Coenzyme Q10 (CoQ) treatment monitoring is a matter of debate since CoQ distribution from plasma to blood cells and tissues is not fully understood. We aimed to analyze the CoQ levels in a wide set of human biological samples (plasma, blood mononuclear cells (BMCs), platelets, urinary cells, and skeletal muscle) from a group of 11 healthy male runners before and after CoQ supplementation. The CoQ content in the different samples was analyzed by HPLC coupled to electrochemical detection. No significant differences were observed in the CoQ levels measured in the BMCs, platelets, and urine after the one-month treatment period. Plasma CoQ (expressed in absolute values and values relative to total cholesterol) significantly increased after CoQ supplementation (p = 0.003 in both cases), and the increase in CoQ in muscle approached significance (p = 0.074). CoQ levels were increased in the plasma of all supplemented subjects, and muscle CoQ levels were increased in 8 out of 10 supplemented subjects. In conclusion, the analysis of CoQ in plasma samples seems to be the best surrogate biomarker for CoQ treatment monitoring. Moreover, oral CoQ administration was effective for increasing muscle CoQ concentrations in most subjects.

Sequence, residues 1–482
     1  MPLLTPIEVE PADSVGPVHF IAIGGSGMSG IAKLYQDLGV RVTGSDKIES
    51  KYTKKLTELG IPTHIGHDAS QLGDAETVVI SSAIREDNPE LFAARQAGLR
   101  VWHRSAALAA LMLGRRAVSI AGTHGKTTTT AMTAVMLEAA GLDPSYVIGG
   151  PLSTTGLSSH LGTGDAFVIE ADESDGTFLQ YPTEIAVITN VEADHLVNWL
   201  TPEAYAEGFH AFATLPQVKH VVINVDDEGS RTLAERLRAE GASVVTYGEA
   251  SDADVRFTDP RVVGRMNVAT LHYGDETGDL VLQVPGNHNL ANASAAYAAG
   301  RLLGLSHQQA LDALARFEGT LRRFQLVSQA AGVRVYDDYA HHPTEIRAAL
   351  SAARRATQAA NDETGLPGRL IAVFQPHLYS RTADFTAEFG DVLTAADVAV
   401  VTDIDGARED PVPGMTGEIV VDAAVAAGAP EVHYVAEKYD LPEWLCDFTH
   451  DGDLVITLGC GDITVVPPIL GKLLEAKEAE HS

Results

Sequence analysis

Keywords: antioxidants; blood mononuclear cells; coenzyme Q10; plasma; platelets; skeletal muscle; supplementation; treatment monitoring; urine.